This idea that those whom with you associate ‘make’ your culture is reflected in the writings of the Apostle Paul: “But I now have written unto you not to keep company with any man who is called a brother if he is a fornicator, or covetous, or an idolater, or a railer, or a drunkard, or an extortioner. With such a one you are not even to eat” (1 Corinthians 5:11). However, formal socialization is often very valuable because it lacks the dangers of gossip, incorrect information and personal biases as in informal socialization: “research suggests tactics that are more collective, formal, sequential, fixed, serial and supportive enhance newcomer loyalty and reduce turnover” (Organizational entry, 2014, SHRM). The Christian worldview supports the nation that people are in a constant state of potential change which leaves them open to salvation — however, negative influences can just as easily cause them to ‘fall’ by virtue of their free will. That is why someone must be so careful of one’s choice of companion both in the workplace and elsewhere. It is very easy to have a negative attitude, for example, if you are socialized by a negative person.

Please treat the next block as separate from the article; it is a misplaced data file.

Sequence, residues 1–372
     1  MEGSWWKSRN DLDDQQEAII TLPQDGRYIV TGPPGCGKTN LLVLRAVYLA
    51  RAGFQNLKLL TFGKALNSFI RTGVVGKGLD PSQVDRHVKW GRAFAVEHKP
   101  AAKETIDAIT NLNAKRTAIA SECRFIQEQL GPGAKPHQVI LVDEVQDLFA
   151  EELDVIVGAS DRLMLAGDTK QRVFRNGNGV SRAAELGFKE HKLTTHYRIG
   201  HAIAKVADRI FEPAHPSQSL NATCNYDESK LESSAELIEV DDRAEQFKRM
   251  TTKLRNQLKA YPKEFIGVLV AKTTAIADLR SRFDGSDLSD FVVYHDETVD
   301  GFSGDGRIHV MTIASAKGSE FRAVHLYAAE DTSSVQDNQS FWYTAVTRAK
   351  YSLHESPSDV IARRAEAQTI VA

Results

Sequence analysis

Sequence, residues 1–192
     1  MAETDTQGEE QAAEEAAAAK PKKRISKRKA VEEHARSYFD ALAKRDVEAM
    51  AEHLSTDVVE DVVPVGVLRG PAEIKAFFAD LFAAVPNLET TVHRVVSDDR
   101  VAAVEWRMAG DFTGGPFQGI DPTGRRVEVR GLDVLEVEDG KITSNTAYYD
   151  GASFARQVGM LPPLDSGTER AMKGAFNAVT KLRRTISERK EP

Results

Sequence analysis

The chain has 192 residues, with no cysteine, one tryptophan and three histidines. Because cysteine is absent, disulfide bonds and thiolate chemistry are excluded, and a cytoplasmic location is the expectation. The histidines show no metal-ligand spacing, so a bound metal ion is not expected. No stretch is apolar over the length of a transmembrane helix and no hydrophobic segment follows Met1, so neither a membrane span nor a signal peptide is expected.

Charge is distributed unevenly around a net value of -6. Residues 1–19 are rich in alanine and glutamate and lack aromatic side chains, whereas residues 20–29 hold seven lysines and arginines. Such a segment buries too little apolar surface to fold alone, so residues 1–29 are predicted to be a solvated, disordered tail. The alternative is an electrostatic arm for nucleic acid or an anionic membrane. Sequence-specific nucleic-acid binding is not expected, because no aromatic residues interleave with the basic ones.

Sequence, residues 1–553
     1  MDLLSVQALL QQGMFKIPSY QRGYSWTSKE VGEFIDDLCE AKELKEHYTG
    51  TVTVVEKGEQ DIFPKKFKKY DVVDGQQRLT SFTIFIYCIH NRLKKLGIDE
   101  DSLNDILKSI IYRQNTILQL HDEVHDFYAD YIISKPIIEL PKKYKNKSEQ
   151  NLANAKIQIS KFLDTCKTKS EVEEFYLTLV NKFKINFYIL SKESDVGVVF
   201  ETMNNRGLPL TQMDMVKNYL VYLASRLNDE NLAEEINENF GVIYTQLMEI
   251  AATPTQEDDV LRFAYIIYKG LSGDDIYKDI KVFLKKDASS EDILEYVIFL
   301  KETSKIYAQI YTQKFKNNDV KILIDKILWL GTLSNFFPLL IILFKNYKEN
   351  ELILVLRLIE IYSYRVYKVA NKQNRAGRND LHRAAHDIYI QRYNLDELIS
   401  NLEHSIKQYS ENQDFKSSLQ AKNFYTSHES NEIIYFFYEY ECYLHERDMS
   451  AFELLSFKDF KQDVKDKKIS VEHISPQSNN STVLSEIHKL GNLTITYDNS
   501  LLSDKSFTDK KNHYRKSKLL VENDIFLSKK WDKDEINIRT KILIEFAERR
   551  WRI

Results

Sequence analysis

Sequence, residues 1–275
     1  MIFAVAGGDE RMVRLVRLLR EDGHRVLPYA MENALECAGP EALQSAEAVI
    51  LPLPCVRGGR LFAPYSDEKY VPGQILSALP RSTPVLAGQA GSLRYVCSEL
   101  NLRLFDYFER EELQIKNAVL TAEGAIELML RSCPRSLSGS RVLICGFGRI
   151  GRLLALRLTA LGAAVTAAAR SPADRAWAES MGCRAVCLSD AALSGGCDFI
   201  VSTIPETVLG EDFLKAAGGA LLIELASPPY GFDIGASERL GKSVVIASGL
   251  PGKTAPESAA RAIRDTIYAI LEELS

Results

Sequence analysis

Organizational entry. (2014). SHRM. Retrieved from:
Werner, R. & DeSimone, J. (2005). Human resource development. SouthWestern.
Response Essay 1:
I agree that adjusting to an organization is a dialogue, not a monologue: it is a conversation between the new individual and also the existing organization. But I do think that all individuals to some degree experience the initial anticipatory phase in an uncomfortable manner — no one is a seamless fit for the organization initially. ‘Shopping’ for a job is part of the anticipatory phase to some degree, but that is wholly self-directed (Werner & DeSimone 2005). Only later when the individual encounters others in the organization does he or she fully understand the reality, which can be very different from the ideal depicted in the job organization. Reshaping is an ongoing process as gradually newcomers began to confront unrealistic expectations.